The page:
Not a huge amount has been written about how much of a hit banks will take from charging off bad credit card loans. But the simple truth is that credit card loans are among the worst for banks since there is nothing there to seize as collateral if the borrower can't repay. So the people who don't repay inspire banks to raise rates and fees on everyone, so we all end up paying for the credit card deadbeats.

Consider 32-year-old Arkansan Eddie Ward who lost is job in a retail warehouse last month and says he won't be able to pay off his $20,000 credit card loan unless he wins the lottery.

People like Eddie will cost banks $186 billion by 2010 or 2011 -- up 313 percent from 2008's $45 billion. The good news for the banking system is that, as I posted, credit cards are not the new subprime because -- unlike subprime -- bad credit cards loans are not that big a part of most banks' income statements and they have not been heavily securitized. Nevertheless, a handful of banks are feeling the pain more than others. Here are the banks expected to take the biggest percentage charge-offs of bad credit card loans and their expected percentage losses:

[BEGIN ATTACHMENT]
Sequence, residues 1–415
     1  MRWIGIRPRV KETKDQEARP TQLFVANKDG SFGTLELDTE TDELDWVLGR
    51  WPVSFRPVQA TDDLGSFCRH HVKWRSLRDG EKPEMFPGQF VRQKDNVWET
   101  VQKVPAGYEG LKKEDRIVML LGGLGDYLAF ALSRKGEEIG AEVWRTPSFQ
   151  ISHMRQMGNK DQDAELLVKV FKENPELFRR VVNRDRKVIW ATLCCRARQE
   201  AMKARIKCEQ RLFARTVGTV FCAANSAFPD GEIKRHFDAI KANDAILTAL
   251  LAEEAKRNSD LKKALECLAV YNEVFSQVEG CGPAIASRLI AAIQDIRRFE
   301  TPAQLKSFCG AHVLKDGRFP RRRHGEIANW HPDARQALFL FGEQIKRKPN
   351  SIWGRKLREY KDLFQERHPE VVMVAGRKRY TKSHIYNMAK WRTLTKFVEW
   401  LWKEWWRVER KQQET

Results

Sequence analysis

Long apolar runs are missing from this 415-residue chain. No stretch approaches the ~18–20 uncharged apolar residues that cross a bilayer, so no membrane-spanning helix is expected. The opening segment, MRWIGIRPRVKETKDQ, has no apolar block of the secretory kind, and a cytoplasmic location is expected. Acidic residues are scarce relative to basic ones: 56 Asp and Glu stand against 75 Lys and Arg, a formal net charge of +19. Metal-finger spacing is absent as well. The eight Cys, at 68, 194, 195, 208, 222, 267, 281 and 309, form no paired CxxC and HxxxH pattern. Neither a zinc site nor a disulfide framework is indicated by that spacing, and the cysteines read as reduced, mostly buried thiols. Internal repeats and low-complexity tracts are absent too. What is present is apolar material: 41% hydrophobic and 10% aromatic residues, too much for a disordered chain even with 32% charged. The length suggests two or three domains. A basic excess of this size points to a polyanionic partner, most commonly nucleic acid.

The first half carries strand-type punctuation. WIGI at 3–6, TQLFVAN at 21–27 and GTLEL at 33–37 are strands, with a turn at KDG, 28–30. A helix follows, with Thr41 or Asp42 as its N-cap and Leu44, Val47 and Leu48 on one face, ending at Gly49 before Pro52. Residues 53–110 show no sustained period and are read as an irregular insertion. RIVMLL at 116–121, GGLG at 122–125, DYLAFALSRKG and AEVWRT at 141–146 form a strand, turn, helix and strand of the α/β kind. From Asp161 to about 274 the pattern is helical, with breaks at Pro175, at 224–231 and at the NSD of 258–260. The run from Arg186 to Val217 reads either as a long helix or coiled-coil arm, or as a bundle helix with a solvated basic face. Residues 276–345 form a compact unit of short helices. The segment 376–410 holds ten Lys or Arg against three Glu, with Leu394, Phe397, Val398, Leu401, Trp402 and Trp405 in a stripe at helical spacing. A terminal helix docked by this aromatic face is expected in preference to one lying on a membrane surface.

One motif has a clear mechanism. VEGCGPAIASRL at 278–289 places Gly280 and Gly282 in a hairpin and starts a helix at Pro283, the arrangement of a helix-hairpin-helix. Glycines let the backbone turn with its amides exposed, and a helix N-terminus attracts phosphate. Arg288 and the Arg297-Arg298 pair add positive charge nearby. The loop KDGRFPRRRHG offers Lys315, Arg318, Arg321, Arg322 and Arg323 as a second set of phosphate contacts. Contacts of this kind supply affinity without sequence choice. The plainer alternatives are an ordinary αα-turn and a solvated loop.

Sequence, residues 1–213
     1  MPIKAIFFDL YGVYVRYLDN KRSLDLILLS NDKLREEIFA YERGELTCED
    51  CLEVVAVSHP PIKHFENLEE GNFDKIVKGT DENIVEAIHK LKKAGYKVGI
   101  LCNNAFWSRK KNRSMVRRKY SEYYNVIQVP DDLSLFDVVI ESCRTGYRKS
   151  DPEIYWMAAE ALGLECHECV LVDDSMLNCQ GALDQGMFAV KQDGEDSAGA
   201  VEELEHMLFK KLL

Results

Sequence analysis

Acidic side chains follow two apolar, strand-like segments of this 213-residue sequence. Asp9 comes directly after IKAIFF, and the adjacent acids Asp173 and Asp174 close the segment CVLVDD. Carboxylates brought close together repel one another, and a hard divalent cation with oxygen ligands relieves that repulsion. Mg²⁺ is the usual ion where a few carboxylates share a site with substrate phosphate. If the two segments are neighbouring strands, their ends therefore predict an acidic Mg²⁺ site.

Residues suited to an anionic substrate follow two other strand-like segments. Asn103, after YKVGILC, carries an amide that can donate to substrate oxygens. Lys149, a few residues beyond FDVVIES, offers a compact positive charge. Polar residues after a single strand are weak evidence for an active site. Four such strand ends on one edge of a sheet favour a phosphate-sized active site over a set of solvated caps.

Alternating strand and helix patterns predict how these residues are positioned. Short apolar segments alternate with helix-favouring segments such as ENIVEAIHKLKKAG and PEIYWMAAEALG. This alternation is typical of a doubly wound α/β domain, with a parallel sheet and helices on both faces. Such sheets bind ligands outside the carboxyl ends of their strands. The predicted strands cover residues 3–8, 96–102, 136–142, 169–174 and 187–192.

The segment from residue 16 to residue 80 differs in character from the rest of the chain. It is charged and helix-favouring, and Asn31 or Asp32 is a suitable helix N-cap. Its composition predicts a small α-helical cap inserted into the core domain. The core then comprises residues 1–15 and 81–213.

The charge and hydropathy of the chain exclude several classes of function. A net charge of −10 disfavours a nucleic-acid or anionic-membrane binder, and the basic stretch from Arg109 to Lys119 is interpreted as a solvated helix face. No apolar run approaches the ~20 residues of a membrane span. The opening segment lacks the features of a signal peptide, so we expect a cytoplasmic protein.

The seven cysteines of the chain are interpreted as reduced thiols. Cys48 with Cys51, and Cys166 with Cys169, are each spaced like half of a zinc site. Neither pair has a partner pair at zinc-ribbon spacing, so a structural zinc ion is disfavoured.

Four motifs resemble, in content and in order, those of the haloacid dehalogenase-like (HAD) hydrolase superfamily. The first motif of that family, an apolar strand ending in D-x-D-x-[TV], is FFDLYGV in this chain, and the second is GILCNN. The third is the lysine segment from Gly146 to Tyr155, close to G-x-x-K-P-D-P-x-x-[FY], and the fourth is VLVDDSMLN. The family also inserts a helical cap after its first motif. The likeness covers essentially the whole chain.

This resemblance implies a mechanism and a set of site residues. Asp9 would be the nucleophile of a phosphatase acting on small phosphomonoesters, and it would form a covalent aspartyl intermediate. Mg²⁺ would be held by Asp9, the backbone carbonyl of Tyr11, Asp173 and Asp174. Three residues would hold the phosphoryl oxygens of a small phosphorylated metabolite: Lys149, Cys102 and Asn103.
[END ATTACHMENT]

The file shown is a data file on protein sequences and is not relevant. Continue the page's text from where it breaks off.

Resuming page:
• American Express (AXP): 20 percent
  • Capital One Financial (COF): 20 percent
  • Bank of America (BAC): 23 percent
  • Citigroup (C): 23 percent
  • JPMorgan Chase (JPM): 23 percent

The average consumer has an $8,400 credit card balance and President Obama is pushing to pass a bill that would limit credit card issuers' ability to raise interest rates on borrowers retroactively. And as the unemployment rate rises -- it hit 8.9 percent in April -- so does the charge off rate for those credit card loans.

Here's the interesting thing about the credit card business. The credit card companies want people to carry those balances since they likely lose money on people who pay off their balances each month. What they want is for people to carry a balance and to make interest payments each month at 29 percent on a portion of their loan.

If it were up to the credit card companies, they would only make the cards available to people who could afford to keep making those payments through ups and downs in the economy. But with their current stresses, they'll likely have to take a hard look at whether it is still a profitable business.

And with $186 billion in potential losses looming, some might even consider getting out of credit cards altogether.

Peter Cohan is president of Peter S. Cohan & Associates. He also teaches management at Babson College. His eighth book is You Can't Order Change: Lessons from Jim McNerney's Turnaround at Boeing. He owns Citi shares and has no financial interest in the other securities mentioned.


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